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NRA to Break Silence as Corporate Response to Connecticut Massacre Deepens

NBC Sports Group Pulls Gun Ads; Dick's Halts Some Gun Sales

By Published on . 4

The National Rifle Association -- which has kept quiet in the wake of the Connecticut school shooting -- is about to break its silence.

In a short statement released Tuesday, the organization said it "is prepared to offer meaningful contributions to help make sure this never happens again," and added that it will hold a "major news conference" in the Washington, D.C., area Dec. 21.

The massacre, which left 27 people dead, including 20 children, has already created more corporate upheaval than other recent mass shootings.

NBC Sports Group confirmed on Tuesday that is has "indefinitely pulled all gun and hunting advertising and programming," saying in a statement to Ad Age that "we do not feel it is appropriate to air such content at this time." Gun-related shows on NBC Sports Network include "3-Gun Nation," which features the "guns, gear and lifestyle that define the high-octane sport of 3-gun competition." Other gun-related shows on the network are "Guns & Gear" and "Gun Talk."

Also on Tuesday, private-equity firm Cerberus Capital Management announced plans to sell its stake in Freedom Group, the nation's largest manufacturer of commercial firearms, including the Bushmaster brand of rifle used by the Connecticut gunman, Adam Lanza.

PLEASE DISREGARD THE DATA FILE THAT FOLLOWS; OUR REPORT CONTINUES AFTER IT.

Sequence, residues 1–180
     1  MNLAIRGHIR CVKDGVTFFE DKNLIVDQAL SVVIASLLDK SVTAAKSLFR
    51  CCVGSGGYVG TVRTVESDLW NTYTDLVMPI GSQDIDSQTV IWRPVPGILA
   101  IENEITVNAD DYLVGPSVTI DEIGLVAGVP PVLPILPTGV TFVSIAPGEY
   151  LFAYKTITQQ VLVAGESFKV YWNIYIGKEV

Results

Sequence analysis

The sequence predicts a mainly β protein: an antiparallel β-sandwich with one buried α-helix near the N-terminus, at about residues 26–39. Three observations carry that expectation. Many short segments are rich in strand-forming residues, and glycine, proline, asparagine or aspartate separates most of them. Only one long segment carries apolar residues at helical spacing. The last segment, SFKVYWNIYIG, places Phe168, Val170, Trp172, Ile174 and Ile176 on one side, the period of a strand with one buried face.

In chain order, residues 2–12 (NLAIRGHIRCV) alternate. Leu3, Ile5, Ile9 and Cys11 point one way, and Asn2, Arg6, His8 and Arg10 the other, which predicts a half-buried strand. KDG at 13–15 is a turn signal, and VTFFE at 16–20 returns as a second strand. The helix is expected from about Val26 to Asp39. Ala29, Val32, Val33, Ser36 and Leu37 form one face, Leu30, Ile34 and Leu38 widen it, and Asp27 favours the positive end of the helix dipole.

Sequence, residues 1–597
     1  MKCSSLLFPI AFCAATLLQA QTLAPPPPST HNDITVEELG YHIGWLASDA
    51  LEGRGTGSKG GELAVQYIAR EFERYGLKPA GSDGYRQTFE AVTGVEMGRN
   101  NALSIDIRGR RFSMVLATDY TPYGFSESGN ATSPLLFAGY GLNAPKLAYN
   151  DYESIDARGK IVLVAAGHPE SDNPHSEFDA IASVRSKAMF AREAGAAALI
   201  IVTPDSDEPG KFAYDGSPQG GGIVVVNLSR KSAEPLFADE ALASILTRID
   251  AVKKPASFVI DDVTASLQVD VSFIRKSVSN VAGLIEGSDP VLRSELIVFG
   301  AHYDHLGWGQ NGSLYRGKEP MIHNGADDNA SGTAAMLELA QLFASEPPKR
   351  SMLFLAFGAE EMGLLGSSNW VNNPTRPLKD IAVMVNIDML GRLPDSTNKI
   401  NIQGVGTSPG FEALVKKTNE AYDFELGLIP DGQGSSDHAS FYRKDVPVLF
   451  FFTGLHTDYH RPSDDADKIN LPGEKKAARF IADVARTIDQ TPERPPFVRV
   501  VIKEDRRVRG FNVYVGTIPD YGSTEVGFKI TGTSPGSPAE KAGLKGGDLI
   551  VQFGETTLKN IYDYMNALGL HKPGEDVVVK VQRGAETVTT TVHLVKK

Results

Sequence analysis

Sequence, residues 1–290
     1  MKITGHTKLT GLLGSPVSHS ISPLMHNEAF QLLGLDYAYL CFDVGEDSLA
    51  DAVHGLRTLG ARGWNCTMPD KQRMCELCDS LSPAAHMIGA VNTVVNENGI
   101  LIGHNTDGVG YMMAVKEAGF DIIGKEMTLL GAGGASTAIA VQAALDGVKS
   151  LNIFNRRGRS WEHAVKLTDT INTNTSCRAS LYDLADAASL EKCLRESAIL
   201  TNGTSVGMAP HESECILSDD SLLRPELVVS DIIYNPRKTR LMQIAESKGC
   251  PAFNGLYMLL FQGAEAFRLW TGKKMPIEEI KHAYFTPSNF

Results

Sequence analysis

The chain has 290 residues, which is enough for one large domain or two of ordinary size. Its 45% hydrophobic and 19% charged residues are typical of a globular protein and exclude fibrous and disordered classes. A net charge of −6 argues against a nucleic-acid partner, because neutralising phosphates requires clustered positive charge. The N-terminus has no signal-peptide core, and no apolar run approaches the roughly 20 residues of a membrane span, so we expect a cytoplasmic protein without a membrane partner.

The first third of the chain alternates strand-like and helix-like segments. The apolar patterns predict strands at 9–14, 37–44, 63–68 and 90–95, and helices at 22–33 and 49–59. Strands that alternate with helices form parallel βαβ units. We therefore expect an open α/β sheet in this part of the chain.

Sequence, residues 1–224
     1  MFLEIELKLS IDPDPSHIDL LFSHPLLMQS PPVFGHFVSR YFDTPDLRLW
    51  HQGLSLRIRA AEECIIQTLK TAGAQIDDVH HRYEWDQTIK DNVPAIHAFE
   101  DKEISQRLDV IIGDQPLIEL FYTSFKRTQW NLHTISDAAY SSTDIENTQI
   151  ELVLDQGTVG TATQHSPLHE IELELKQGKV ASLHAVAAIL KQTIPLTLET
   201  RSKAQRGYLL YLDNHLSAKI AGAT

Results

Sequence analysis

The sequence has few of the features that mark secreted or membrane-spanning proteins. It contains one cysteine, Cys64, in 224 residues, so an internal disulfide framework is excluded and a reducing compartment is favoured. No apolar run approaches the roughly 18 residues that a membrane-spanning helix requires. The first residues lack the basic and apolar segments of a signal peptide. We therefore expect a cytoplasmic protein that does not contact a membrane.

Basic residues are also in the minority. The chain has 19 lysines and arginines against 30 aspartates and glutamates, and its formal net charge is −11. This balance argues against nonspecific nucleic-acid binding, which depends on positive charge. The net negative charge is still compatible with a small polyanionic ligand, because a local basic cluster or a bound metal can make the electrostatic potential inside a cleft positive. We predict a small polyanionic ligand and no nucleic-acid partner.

Meanwhile, Dick's Sporting Goods has suspended sales of "modern sporting rifles" in all of its stores "out of respect for the victims and their families, during this time of national mourning." Walmart, one of the nation's largest run retailers, has not changed its gun assortment but did pull a listing on its website for a semiautomatic assault rifle similar to the one used by Mr. Lanza, CNN Money reported.

The responses come as public support for new control measures reach its highest level in a decade at 57%, according to a CBS News poll released this week. That's up from the 39% support measured in April and 47% in January 2011 in the wake of the shooting of Congresswoman Gabrielle Giffords in January 2011.

"We may be witnessing the tipping point on this issue," said Adam Mendelsohn, a partner with Mercury, a political- and corporate-public-relations firm whose practices include crisis management and communications. "It's a combination of what happened in Newtown and the collective belief that people have just had enough." The NRA statement "is the most telling indicator that this is a very different tragedy," he added. Gun-rights advocates typically are "the first to come up with a defense of guns, whereas the response this time is a willingness to have a dialogue. Now whether that translates into meaningful action is yet to be seen."

Indeed, the NRA did not provide any details of its proposal, saying only that "details will be released to the media at the appropriate time." At the same time, the organization re-activated its Twitter and Facebook accounts, which had been shut down or inactive for days.